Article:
Tom Morton’s review published on Letterboxd :
When watching a lot of films in quick succession it's hard not to make comparisons, and after the previous film managed to effective chill me despite slightly bland visuals I was excited when this one absolutely oozed style in its opening minutes. And after the introduction of a bunch of interesting characters played by obviously talented actors and some excellently deployed musical cues I thought this would be the first true gem of the festival.
Sadly, it falls into that truly disappointing subset of horror films that uses up all of its good ideas in the setup and then falls back into wildly overused horror clichés as soon as the genre elements are fully revealed. The early scenes here follow a young horror writer, still struggling with bad dreams lingering from childhood trauma despite channeling those same fears into her first bestselling novel, and her estranged father, a small-town cop who starts finding dismembered body parts on an unusually stressful day in what is clearly usually a place where nothing much happens.
Both of the stories are beautifully filmed and full of interesting people - the small-town cops are particularly amusing, and one scene in which they interview a surprisingly chipper elderly woman after she finds a human head in particular had me thinking "oh god I love this and will be recommending this to everyone". Meanwhile, the daughter experiences a series of vivid, spooky dreams that effectively use lighting and music to showcase the director's obvious skill.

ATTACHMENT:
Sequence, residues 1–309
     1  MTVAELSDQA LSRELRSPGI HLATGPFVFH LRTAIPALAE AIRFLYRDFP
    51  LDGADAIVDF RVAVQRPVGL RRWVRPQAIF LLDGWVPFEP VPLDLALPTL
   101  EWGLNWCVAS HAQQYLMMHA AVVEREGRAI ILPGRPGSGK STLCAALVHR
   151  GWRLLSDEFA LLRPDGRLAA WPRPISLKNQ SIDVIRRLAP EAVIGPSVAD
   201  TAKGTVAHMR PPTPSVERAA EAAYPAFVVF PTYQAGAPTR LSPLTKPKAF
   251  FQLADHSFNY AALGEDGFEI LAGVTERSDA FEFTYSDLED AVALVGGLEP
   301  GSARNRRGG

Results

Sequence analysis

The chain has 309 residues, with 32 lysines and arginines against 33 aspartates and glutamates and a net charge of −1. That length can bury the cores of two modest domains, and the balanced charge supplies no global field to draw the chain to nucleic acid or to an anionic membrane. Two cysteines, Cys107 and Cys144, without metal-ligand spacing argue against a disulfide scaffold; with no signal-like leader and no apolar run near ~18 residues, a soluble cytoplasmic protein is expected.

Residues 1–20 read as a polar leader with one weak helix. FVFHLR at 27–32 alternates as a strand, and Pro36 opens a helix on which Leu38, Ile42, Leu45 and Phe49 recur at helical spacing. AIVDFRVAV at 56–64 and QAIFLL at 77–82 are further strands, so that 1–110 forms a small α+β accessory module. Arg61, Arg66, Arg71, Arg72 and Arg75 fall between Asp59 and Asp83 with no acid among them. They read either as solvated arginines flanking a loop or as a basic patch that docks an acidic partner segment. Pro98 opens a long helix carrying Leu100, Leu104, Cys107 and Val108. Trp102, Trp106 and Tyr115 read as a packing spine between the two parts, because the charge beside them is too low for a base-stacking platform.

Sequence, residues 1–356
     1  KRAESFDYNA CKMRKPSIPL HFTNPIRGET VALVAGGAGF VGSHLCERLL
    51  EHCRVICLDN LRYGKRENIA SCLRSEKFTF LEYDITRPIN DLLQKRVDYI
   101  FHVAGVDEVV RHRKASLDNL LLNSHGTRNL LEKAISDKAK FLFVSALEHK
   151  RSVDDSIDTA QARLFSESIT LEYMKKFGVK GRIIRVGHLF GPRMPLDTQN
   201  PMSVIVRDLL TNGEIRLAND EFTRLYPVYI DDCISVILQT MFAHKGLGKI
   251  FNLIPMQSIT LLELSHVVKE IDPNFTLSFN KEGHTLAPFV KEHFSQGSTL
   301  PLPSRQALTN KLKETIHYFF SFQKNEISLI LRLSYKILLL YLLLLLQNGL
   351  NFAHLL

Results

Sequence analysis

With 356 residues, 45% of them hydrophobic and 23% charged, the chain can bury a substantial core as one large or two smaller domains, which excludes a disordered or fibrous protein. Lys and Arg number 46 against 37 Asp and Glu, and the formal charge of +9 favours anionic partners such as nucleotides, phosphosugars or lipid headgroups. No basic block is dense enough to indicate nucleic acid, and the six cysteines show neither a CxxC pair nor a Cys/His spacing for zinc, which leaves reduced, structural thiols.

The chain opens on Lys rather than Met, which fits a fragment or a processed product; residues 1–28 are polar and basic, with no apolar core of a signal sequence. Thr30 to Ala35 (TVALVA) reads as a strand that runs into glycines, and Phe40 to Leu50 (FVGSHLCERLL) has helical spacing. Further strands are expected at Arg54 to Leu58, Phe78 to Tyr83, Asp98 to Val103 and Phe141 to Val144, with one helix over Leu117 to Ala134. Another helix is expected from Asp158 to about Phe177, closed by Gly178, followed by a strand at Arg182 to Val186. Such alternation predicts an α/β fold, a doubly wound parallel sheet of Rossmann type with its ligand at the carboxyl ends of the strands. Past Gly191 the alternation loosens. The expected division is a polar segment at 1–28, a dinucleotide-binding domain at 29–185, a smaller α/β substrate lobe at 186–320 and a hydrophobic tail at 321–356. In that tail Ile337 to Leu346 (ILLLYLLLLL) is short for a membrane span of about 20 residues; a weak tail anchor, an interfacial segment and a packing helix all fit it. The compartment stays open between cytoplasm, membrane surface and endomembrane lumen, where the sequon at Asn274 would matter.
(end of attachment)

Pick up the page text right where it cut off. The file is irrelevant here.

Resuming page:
But when the stories eventually begin to weave together, everything just falls apart. Suddenly the spooky dream sequences are full of black-eyed children and musical cues that leap in volume to signify jump-scares, a twist that could have been clever ends up feeling cheap and messy, and the interesting characters are plunged into roles any horror fan has seen hundreds of times before. The first half of this film is so strong that I couldn't dislike it, but there's a distinct sense of disappointment when potential is squandered quite this badly. Still, it's entertaining on a style-over-substance level, at least, and that old-woman-finds-a-head scene will stick with me for a while.